There will be new things, but that list of no’s is there. I can head to New York today or watch a show alone in Philadelphia, I can bring you here and we would share the same experience because we’re both strangers to this country. But you can’t bring me back to my home and let me have a temporary stay and act like what we have to do is mine. And for this I’m most homesick. I will never truly understand what it meant to live there, in that time. I will never let anything fall apart in that way again. I never knew I didn’t like leaving.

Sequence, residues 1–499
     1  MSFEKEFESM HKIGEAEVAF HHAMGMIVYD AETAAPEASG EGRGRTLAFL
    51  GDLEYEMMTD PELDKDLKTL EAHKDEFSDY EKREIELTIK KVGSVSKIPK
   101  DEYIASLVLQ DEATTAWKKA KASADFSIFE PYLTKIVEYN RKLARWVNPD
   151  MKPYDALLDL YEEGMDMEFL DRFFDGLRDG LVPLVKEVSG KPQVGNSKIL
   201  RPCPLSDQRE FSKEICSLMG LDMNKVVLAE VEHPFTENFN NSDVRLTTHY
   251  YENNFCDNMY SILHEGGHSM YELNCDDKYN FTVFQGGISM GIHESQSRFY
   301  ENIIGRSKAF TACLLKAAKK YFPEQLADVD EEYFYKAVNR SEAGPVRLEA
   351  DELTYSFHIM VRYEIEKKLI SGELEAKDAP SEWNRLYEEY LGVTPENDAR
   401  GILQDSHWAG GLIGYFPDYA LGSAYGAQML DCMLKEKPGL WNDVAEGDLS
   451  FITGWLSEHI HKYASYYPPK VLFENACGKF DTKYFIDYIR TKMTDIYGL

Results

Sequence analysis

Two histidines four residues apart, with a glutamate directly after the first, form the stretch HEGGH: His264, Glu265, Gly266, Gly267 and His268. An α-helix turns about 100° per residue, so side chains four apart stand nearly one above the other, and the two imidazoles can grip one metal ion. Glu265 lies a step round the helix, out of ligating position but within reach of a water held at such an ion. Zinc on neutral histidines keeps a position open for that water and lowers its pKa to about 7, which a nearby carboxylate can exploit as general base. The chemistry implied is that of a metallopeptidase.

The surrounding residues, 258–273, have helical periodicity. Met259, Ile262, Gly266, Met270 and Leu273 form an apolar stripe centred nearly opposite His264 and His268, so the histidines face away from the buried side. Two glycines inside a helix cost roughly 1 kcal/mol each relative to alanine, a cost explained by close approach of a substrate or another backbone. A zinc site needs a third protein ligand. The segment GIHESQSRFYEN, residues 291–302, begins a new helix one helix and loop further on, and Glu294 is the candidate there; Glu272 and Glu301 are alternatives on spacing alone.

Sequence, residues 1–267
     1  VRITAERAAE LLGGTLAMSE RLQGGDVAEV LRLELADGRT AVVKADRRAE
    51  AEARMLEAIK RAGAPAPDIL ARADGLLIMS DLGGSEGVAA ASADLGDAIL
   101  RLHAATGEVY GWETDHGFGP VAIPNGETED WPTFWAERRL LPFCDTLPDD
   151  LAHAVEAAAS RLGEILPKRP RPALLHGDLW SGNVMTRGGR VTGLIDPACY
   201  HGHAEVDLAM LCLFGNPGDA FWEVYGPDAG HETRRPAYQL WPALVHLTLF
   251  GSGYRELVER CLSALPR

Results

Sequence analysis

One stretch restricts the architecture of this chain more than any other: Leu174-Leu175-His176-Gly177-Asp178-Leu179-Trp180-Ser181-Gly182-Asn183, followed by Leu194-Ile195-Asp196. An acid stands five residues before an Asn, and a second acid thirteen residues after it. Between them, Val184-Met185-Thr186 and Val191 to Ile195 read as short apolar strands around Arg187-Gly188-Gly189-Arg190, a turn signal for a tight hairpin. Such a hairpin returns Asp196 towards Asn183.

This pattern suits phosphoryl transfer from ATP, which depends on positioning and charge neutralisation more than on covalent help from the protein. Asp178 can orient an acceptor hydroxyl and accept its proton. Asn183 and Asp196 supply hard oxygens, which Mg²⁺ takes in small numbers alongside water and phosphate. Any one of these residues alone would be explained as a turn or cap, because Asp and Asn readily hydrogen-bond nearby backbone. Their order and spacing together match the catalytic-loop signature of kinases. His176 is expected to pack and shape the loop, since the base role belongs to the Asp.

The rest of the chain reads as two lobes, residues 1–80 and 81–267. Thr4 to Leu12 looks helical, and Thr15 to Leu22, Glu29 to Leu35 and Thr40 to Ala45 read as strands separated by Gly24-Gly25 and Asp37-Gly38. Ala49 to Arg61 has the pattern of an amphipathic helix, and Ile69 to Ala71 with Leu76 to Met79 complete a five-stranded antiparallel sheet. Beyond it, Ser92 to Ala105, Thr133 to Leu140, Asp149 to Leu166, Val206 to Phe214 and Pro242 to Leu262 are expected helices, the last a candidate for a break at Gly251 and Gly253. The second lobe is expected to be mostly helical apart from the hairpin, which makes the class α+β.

Someone told me that as an international, America is the winning team. San Francisco, wind and hills and fat paychecks. My friend tells me that billionaires earned it at all. I can’t find the same common ground on jokes. I can’t lie on the ground yet for the problems of a country that is still unwelcome to me. How do I sound white on the phone? Where can I find someone who listens to some similar, generic trash as me. You exchange your favorite foods like the only way we can tie ourselves back to the country is through overpriced restaurants in New York, I want the word for my food to mean the same as it did back there for for eighteen dollars less. Can my voice get any more of the American accent but still feel so detached? Tell me the best way to let you know that I can be everywhere and nowhere at once. Told a boy about how I played League of Legends in a computer shop that had papers posted up every three feet about how you’re not allowed to expose your genitals, for a quarter an hour. And yes, League of Legends has its own server in the Philippines. We exist. She’s Only Sixteen is like my secret recommendation but what everyone is tired of back home. Our President is the murderer and yours is, too–but you’re louder for less bodies. Do you really think billionaires got there by hard work only? Is it ethical to be that rich? Your jacket could feet an entire town. Not everyone who works hard moves forward in life. We’re in the Ivy League and all we know is how to lie to ourselves. You want to be a billionaire one day too. How do I.